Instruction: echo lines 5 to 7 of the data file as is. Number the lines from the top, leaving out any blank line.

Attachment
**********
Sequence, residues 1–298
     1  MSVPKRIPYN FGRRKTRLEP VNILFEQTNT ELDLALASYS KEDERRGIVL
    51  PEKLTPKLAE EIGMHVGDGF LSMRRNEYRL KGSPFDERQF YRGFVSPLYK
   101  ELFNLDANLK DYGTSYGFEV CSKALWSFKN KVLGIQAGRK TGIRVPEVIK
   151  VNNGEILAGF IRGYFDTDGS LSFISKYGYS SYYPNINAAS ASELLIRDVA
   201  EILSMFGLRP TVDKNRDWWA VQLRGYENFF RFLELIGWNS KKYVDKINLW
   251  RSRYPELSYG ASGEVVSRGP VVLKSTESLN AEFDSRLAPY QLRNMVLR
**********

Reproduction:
   151  VNNGEILAGF IRGYFDTDGS LSFISKYGYS SYYPNINAAS ASELLIRDVA
   201  EILSMFGLRP TVDKNRDWWA VQLRGYENFF RFLELIGWNS KKYVDKINLW
   251  RSRYPELSYG ASGEVVSRGP VVLKSTESLN AEFDSRLAPY QLRNMVLR